A poolish is what’s known as a pre-ferment, which is a fancy way of saying that it’s a small amount of water and flour combined with commercial yeast ahead of the main bake to create the leavener for a recipe. The yeast ferments the flour and water to create something that’s similar to a sourdough starter, but is ready in hours, rather than weeks. It has a much milder flavor than sourdough, and delivers enhanced flavors and improved textures when used in dough.
The main difference between a sourdough starter and a poolish is that a sourdough starter is made with wild yeast and contains lactic acid bacteria, whereas a poolish is made with commercial yeast. This means that the commercial yeast works a lot more quickly, making the poolish ready to use within hours, rather than weeks, like with a new sourdough starter. Both are considered pre-ferments, because both the wild and commercial yeast ferment the flour and water they are combined with.
Using a poolish is a great way to create depth of flavor and better texture in your bakes. It is much more mild than sourdough, and lacks the sourness, so it’s a great option for bakes where you want the benefits of some fermentation, but without the strong flavor profile.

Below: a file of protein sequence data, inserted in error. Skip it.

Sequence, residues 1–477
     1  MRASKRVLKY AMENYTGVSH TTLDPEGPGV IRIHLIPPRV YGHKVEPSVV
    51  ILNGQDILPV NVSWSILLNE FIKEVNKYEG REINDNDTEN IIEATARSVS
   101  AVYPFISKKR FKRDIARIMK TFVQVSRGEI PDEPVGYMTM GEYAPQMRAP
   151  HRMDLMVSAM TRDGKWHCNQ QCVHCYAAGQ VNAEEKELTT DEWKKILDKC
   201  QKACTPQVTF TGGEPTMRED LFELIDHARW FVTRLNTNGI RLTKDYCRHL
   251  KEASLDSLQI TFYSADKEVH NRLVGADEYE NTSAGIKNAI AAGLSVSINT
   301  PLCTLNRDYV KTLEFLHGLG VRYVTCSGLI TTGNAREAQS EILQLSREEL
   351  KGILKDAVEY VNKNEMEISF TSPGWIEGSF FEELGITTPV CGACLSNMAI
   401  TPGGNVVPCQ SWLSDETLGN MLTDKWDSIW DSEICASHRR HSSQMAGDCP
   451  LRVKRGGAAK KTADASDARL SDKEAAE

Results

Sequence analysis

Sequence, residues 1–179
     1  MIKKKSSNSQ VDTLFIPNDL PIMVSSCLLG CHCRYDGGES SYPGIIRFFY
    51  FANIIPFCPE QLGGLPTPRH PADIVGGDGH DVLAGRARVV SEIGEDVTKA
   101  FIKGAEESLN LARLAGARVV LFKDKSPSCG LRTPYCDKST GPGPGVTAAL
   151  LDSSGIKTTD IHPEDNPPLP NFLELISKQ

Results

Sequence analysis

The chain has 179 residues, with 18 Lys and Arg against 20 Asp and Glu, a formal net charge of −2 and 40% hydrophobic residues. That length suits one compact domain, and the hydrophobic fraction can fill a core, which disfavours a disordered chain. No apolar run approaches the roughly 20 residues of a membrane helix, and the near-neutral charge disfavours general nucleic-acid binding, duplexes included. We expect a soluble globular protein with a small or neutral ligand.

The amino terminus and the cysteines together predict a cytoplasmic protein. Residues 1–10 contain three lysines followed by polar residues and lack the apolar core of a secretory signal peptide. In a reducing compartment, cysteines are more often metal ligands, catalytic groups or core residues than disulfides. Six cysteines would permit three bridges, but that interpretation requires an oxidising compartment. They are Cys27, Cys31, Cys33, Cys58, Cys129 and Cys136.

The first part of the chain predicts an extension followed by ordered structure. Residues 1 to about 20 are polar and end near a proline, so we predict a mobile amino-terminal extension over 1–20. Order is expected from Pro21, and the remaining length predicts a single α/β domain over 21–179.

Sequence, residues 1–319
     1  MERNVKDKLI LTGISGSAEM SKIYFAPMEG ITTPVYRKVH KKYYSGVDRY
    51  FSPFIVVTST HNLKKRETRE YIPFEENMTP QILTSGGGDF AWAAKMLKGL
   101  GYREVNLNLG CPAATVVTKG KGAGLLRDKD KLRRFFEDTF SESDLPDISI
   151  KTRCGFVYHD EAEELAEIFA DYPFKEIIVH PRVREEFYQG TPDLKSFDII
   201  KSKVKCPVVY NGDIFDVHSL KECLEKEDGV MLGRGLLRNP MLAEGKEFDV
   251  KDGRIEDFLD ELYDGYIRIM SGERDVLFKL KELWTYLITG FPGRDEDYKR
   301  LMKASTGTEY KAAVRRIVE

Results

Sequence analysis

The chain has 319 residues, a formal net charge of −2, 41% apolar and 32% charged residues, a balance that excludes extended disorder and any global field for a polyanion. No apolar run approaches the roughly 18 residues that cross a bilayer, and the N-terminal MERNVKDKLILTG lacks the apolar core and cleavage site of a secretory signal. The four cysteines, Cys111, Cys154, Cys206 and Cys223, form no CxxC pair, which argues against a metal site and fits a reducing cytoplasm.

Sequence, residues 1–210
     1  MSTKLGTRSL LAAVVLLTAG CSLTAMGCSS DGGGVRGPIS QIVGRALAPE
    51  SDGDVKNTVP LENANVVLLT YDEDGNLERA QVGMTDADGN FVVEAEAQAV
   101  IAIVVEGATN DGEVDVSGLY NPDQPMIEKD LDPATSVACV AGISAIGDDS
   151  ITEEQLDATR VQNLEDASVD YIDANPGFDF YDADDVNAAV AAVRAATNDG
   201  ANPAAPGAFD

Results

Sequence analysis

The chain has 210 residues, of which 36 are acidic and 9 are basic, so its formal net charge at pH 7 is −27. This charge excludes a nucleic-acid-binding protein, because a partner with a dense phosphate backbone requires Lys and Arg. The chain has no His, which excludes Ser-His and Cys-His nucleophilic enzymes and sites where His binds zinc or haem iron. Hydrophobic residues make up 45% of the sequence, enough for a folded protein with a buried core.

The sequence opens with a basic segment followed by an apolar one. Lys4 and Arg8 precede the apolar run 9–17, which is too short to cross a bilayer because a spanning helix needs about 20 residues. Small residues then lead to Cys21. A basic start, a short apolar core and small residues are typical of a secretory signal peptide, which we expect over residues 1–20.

A poolish is also much faster to prepare than a sourdough starter. While it takes weeks for a new sourdough starter to get established and be ready to leaven bread, a poolish can be made 12 to 24 hours in advance of baking, before it is ready to use. The dough made with a poolish also does not require as much rise time as sourdough does: while you can absolutely do a cold proof for a longer fermentation time, poolish dough generally only needs 2-3 hours of rise time, similar to other doughs made with commercial yeast.
Making a poolish is simple, and takes very little hands-on time. While some recipes may call for different amounts of flour and water, the ratio will always be 1 part water to 1 part flour. Here’s how to make a poolish at home: